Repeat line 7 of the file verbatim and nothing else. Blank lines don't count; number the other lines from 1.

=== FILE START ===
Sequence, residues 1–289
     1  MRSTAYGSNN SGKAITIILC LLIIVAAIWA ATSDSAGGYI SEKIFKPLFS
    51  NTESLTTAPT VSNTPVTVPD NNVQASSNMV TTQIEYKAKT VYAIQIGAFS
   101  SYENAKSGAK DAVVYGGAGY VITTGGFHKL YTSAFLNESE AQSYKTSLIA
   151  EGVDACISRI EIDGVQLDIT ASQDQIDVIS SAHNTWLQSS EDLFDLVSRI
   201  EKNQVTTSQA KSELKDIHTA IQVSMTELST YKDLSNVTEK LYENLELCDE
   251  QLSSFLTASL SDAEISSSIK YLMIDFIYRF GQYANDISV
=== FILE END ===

   251  QLSSFLTASL SDAEISSSIK YLMIDFIYRF GQYANDISV